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Con Artist Says He Made $10,000 A Day In Telephone 'Grandparent Scam'

NEW YORK (CBSNewYork) - A man who admits to swindling elderly people out of cash has described just how the so-called grandparent scam works.

As CBS 2's Alice Gainer reported, con artists preying on the elderly call, pretending to be a grandchild in an emergency pleading for money.

"You can make $10,000 sometimes in a day if you do it properly," the scammer who didn't want to be identified said.

The 31-year-old con man in federal custody is currently awaiting sentencing in California for his role in the grandparent scam.

"You just say 'hey how are you, hi Grandma, hi Grandpa, I'm in a little bit of trouble right now. If I tell you, just keep it between us. I'm on vacation but I got into a little accident and I was arrested for a DUI.' You tell them, 'things got out of control and I need you to send me the money,'" he said.

The con man worked out of Canada and called senior citizens in the U.S. He said one out of 50 callers would fall for it.

"We target people over the age of 65 mainly, because they're more gullible, they're at home, they're more accessible," he said. "Once you get them emotionally involved, then they'll do anything for you, basically."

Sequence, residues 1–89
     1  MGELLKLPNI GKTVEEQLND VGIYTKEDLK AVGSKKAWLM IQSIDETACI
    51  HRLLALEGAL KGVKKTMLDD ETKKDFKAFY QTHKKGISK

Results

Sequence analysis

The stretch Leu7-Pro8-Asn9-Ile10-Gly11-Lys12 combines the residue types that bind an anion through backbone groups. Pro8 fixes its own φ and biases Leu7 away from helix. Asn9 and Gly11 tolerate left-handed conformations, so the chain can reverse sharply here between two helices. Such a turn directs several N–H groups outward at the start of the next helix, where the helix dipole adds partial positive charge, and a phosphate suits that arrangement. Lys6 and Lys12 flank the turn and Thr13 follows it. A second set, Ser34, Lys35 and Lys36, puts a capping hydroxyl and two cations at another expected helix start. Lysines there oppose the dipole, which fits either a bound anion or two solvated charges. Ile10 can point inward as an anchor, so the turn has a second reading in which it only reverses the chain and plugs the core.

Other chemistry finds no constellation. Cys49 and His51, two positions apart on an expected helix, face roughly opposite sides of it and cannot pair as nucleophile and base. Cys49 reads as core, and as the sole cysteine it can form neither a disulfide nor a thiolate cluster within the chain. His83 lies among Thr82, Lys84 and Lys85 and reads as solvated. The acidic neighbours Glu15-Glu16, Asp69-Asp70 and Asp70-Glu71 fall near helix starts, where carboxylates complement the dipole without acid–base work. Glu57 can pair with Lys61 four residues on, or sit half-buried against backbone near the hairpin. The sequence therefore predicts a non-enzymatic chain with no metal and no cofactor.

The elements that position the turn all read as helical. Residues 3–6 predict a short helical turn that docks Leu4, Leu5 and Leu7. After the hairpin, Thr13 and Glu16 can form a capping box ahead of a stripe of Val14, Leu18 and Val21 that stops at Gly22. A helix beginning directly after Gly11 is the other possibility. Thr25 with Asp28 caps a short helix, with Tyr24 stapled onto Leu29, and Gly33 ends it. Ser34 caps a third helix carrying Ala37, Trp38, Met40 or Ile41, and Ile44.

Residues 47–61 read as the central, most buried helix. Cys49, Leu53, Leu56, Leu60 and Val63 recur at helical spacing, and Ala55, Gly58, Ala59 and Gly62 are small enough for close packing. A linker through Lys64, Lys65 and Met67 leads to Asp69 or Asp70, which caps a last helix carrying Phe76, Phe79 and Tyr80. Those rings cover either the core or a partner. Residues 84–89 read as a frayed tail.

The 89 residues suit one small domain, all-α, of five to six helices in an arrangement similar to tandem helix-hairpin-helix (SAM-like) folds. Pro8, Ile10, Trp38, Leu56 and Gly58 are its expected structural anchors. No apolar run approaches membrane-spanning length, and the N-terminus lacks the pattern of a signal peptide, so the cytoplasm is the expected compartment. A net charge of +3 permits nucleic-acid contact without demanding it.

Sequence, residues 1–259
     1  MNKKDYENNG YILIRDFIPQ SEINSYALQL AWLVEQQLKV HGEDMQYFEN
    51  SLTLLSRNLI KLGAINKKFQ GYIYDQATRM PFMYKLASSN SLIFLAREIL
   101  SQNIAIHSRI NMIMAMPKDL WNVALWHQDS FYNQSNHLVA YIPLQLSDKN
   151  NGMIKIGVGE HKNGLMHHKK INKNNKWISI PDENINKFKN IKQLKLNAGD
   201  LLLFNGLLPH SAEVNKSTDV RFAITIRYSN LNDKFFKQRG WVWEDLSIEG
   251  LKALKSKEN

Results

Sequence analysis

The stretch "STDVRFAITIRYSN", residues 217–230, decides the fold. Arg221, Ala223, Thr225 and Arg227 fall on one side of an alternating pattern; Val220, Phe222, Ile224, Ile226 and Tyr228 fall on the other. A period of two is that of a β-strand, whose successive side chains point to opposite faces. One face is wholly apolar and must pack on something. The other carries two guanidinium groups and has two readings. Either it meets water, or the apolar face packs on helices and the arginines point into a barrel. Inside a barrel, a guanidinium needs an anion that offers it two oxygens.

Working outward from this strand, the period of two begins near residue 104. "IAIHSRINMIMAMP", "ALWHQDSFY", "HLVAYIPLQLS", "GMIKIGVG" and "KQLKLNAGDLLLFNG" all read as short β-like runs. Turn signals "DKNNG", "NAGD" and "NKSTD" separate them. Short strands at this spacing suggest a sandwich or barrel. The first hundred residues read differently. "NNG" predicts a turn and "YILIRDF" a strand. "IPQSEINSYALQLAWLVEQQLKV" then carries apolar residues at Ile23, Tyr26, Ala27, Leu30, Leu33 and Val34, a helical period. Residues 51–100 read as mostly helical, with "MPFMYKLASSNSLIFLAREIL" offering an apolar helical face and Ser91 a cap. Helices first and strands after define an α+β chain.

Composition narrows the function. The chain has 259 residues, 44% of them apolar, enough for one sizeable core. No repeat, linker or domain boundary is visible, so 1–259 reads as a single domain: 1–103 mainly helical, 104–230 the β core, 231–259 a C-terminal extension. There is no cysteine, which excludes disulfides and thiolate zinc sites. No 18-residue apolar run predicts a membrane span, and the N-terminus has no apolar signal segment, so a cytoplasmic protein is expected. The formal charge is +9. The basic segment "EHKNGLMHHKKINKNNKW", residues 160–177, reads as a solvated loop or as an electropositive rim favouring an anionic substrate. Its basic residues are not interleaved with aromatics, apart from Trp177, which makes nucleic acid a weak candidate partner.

A grandmother said she was one of those victims blinded by emotion when she was scammed by someone.

"There was a desperation and an urgency in his voice, partly because he said 'love you,'" the woman said.

When asked if the caller even sounded like her 29-year-old grandson she said no. But he said he had a broken nose.

"I just wanted him to be home with his family. That's all I wanted," the grandmother said.

The 81-year-old wired almost $18,000 to a bank account in North Carolina thinking her grandson was sitting in jail for drunk driving.

But the money was gone and the scammer's phone was disconnected.

Doug Shadel with AARP said this happens to more people than you'd think.

"We've had doctors and lawyers fall for this. It doesn't really matter what your educational level is because it triggers something emotional that causes you to act," he said.

The con man that CBS spoke with said he spent most of the money he scammed.

"I didn't know how much pain this was causing people," the scammer said. "I thought people were making $100,000 a year and they would lose a couple thousand here and there."

The con man said to prevent the scam from happening to you, ask a question that only your grandchild would know, such as the name of a pet.

It's estimated senior citizens are robbed out of roughly $3 billion a year in financial scams.

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